Certain Christian counseling techniques only look at your fault in any given situation and often minimize or discredit the sins done against you. The assumption is that if you start focusing on the other person’s sin, you will likely fall into the “victim” trap where you don’t take responsibility for your own sin but instead blame others for your problems. This has been taken to the extreme in certain disgraceful occurrences where rape victims are told to repent of their sins.
I disagree with the conclusion that you will become a victim if you are allowed to see what sin was done against you. I believe that recognizing the sins done against you is just as important in healing as recognizing your own sins. If you can’t recognize the sins done against you, then you cannot forgive. Forgiveness always includes full recognition of the sins done against you.
In my book: Forgiveness Fail, I poke fun at myself for a time when I helped a friend of mine recognize all the problems in his life without walking with him through any of the forgiveness stuff. To say the least, it was not helpful.
There is a way to forgive that does not minimize the offender’s sin or let them off the hook while also keeping the hurting one from labeling himself/herself as a victim.
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The premise for my upcoming book – Forgiveness Fail – is that many believers today are authentically trying to forgive, but it doesn’t change anything. They’re still bitter, angry and frustrated. Here’s an excerpt from my book:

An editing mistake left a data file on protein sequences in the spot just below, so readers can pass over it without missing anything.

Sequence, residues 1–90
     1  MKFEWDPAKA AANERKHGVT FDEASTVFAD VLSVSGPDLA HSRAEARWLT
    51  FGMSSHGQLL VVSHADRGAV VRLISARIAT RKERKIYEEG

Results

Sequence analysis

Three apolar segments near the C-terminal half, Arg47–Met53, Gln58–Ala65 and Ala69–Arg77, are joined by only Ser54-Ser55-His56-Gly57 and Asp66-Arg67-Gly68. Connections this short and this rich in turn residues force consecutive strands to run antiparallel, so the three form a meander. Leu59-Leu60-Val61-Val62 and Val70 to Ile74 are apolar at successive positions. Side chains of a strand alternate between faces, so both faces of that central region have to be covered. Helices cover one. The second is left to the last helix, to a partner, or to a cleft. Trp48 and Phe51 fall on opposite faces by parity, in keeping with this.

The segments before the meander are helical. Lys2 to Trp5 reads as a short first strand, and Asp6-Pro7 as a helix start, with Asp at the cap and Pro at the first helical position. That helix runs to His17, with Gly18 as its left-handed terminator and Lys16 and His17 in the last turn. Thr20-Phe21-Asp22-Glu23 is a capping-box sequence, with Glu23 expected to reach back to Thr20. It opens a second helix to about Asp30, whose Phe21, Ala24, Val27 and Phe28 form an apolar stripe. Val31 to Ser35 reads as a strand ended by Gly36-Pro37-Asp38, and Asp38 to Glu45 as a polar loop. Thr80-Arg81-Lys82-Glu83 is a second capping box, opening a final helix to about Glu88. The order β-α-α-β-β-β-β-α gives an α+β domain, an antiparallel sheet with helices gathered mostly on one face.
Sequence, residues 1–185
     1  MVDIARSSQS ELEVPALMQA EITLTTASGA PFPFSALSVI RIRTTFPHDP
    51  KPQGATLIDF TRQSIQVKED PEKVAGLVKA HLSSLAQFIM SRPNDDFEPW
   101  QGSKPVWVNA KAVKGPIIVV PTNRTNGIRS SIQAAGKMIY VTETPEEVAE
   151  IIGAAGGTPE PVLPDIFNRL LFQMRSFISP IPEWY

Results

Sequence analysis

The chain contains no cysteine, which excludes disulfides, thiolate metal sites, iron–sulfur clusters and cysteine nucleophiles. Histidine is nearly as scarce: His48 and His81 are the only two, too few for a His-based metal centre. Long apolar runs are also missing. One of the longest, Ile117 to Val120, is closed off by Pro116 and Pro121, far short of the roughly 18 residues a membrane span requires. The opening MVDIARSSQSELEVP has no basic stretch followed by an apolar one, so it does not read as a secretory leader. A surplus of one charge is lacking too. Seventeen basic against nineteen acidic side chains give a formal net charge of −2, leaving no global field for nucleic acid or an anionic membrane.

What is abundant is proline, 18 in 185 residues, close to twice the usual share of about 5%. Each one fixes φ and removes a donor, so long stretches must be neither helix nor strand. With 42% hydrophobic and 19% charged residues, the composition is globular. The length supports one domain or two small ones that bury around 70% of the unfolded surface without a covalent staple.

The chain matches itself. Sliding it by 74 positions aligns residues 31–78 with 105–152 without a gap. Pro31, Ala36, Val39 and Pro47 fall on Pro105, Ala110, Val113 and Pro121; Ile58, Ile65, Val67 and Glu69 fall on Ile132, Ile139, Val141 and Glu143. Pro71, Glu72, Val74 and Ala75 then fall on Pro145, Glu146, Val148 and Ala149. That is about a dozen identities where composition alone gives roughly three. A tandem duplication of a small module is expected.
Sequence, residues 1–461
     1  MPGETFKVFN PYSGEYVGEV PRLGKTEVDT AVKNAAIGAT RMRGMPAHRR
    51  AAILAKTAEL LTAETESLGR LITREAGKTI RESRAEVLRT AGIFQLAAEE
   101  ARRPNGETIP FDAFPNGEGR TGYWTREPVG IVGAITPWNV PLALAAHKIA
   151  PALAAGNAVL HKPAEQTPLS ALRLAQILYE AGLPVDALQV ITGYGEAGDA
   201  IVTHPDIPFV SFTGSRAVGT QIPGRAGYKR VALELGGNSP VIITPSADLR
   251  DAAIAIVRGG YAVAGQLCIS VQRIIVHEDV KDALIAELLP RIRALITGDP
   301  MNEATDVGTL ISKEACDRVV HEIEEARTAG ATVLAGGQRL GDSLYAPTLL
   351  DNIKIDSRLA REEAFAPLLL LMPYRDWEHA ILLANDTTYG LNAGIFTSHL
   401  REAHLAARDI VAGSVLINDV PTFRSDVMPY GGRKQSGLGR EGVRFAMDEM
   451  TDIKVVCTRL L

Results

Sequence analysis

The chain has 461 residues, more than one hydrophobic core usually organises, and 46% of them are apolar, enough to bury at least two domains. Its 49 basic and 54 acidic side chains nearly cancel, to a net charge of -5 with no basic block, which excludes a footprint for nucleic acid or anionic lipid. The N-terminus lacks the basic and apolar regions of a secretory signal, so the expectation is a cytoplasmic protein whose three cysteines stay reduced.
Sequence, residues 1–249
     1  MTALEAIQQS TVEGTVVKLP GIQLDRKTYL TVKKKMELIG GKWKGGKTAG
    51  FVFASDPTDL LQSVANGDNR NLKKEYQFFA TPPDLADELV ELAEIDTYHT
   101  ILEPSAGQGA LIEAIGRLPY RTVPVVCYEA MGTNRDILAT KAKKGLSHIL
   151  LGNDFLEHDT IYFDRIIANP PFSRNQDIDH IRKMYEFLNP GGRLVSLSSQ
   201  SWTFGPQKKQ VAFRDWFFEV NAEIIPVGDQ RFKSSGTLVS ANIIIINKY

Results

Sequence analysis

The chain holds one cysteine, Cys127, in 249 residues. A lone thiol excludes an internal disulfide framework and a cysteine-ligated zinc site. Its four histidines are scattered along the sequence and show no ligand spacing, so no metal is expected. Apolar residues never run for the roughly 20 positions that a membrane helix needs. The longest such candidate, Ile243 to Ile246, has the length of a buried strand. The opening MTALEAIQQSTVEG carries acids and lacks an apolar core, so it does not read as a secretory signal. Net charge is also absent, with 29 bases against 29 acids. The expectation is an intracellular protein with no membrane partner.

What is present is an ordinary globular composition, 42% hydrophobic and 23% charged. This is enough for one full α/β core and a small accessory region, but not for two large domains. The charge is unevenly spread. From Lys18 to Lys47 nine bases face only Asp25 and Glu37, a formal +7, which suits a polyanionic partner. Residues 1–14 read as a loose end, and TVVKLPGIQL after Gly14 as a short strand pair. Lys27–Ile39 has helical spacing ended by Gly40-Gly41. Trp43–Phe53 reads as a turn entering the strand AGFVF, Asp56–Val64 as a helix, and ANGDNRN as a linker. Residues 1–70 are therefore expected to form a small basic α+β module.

I grew up overseas in an Eastern country that is not too favorable of their people converting to Christianity. One of my favorite recreational activities was to “teach” our visiting friends a few helpful phrases. It never worked like I wanted it to, mostly because my mom would come to their rescue. Dad, on the other hand, was probably the one who gave me the idea in the first place. The hope was that my friends and family would stroll around town saying, “I have no underwear,” as a formal greeting.
As soon as they started speaking, it would be blatant that they were led astray. The gag would come to a screeching halt, and they would be forced to creatively discover ways to test their newly acquired words before committing to them whole-heartedly, boldly proclaiming their lack of undergarments while wearing an all-too-friendly smile.
We need to start treating our theology in a similar manner.
We know that the Bible is true, like we know that the language we are trying to learn works. What we don’t know is how to appropriately apply the Bible in a way that produces the correct result. Your theology should work! If your theology doesn’t do what it’s supposed to, then it is wrong.
How can emotions be used to help us with the forgiveness process? Can even the negative emotions be useful?
In keeping with my recent trend, here is another blurb from my up-coming book: Forgiveness Fail: How the Millennial Church can Rediscover a Forgiveness Process that Works.
Anger. Jealousy. Shame. Sadness. Guilt. Fear.
These emotions have been comprehensively labeled as “bad.” Yay for us! I mean, what would we do if we couldn’t feel guilty about feeling… guilty?
I actually don’t believe that any of these emotions are bad. In fact, I don’t believe any emotions are bad, but all emotions (even the “good” ones) can be used wrongly…
…I wouldn’t classify pain as “good” because, honestly, it hurts and I don’t like to hurt. I can, however, recognize that it has an important role to play and I shouldn’t ask God to take Pain away.